Anticosti (ăntĭkŏsˈtē) [key], low, flat island (1991 pop. 264), 135 mi (217 km) long and 10 to 30 mi (16–48 km) wide, E Que., Canada, at the head of the Gulf of St. Lawrence. The island was discovered by Cartier in 1534. Louis XIV granted it to Jolliet as a reward for his discovery of the Mississippi. Jolliet's heirs held it until 1763, when it was annexed to Newfoundland (then a separate colony). It was returned to Canada in 1774 and was privately owned (1895–1926) until it was sold to Consolidated Bathurst, Inc., which promoted lumbering for pulpwood. Forest fires and transportation costs caused this enterprise to be shut down in 1972. The island is now known for its bountiful deer hunting.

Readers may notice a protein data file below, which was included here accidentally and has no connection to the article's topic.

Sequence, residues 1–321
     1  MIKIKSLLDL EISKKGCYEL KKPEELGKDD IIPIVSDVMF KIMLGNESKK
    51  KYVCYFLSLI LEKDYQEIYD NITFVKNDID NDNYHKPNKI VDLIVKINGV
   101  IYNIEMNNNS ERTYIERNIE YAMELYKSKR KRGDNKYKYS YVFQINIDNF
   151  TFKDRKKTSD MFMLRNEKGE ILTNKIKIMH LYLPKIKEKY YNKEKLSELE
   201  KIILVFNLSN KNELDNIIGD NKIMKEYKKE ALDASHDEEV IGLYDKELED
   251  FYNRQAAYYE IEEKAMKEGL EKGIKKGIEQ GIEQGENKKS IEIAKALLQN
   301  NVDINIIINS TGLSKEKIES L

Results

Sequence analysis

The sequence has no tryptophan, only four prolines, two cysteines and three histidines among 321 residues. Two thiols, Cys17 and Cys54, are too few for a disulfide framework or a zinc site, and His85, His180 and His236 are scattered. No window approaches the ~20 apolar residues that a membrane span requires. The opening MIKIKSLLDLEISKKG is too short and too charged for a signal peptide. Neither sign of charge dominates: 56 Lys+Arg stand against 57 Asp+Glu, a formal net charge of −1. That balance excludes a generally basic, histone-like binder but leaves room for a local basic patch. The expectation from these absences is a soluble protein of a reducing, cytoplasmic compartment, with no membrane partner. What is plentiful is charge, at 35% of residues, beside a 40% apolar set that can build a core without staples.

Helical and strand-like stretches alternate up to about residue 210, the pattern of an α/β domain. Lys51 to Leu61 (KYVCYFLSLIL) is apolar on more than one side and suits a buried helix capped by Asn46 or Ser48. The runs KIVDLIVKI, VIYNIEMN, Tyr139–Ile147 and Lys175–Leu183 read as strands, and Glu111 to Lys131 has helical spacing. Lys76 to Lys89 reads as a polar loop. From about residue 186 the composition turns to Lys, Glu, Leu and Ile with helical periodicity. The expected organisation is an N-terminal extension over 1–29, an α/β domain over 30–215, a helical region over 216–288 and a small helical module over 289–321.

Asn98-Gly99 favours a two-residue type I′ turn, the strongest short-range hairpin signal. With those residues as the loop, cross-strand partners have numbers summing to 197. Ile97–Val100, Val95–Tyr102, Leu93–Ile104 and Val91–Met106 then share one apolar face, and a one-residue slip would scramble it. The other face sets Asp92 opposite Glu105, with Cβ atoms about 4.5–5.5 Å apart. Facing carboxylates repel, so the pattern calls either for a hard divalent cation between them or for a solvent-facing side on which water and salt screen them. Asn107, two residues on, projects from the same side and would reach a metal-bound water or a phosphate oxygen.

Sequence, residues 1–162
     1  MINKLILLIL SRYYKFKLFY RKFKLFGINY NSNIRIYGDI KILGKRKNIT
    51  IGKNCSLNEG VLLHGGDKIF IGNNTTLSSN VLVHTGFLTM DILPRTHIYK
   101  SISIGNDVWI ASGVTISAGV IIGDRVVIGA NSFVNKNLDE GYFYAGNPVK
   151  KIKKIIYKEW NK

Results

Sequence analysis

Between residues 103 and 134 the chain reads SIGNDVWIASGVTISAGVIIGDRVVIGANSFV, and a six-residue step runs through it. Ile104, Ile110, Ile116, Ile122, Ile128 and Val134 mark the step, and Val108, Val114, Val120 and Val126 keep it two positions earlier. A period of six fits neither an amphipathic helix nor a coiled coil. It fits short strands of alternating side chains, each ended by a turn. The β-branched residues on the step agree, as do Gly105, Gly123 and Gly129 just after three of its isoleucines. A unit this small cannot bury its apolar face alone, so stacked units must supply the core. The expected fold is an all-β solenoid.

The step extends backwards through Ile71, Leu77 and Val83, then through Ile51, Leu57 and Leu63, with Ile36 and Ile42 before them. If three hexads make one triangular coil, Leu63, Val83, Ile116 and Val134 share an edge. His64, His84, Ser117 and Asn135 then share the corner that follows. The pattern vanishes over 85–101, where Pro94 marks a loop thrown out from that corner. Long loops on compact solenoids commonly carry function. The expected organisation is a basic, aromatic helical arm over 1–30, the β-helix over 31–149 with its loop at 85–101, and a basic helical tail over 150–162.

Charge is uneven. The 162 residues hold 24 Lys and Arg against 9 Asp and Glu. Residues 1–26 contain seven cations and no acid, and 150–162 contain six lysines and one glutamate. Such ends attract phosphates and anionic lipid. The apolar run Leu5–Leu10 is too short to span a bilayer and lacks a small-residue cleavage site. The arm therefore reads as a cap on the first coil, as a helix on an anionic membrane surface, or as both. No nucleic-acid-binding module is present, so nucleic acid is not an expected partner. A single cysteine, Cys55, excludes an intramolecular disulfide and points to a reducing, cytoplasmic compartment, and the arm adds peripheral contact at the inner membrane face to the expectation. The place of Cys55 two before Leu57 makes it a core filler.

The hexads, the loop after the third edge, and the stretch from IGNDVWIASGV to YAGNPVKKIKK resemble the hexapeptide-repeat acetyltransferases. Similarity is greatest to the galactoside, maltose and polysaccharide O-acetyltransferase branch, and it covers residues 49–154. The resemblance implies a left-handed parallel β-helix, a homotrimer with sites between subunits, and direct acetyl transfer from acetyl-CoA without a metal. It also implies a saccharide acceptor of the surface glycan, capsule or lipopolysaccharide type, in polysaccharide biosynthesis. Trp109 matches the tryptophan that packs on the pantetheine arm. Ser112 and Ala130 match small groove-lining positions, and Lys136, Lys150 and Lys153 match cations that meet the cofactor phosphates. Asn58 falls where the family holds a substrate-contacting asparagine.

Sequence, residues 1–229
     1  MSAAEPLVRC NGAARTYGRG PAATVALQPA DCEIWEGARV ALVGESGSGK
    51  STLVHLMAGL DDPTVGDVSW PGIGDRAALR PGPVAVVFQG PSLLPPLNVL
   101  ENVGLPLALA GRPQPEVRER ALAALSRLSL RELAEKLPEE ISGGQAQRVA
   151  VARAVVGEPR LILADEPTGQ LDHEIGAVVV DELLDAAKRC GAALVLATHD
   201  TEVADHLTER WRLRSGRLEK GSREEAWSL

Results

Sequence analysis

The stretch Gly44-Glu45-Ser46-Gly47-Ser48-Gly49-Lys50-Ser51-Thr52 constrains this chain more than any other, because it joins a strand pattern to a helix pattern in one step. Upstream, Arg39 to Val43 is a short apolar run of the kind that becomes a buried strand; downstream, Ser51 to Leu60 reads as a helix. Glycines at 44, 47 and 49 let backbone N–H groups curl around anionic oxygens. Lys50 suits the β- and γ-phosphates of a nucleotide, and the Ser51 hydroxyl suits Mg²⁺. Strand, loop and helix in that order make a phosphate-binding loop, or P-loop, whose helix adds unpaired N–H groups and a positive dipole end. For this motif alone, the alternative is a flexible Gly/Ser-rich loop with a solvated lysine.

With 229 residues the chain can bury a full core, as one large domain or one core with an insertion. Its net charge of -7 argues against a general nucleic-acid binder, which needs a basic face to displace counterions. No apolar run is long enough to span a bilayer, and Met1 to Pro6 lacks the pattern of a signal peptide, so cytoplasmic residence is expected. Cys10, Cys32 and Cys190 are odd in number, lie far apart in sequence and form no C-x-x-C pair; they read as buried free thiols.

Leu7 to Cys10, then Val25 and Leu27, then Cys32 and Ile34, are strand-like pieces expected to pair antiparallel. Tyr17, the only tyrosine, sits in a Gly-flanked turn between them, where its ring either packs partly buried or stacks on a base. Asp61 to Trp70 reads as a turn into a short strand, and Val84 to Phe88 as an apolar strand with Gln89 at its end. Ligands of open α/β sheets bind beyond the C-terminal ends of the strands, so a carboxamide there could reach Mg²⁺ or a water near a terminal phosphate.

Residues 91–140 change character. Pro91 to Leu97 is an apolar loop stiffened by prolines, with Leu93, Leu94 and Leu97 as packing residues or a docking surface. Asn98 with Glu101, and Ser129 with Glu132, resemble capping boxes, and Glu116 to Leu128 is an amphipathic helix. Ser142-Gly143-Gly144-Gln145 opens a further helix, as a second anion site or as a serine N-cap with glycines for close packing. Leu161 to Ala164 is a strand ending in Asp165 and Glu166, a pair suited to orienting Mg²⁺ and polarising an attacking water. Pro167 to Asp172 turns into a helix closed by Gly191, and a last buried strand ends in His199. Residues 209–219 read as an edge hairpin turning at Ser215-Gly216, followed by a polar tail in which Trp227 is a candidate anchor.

The Columbia Electronic Encyclopedia, 6th ed. Copyright © 2012, Columbia University Press. All rights reserved.
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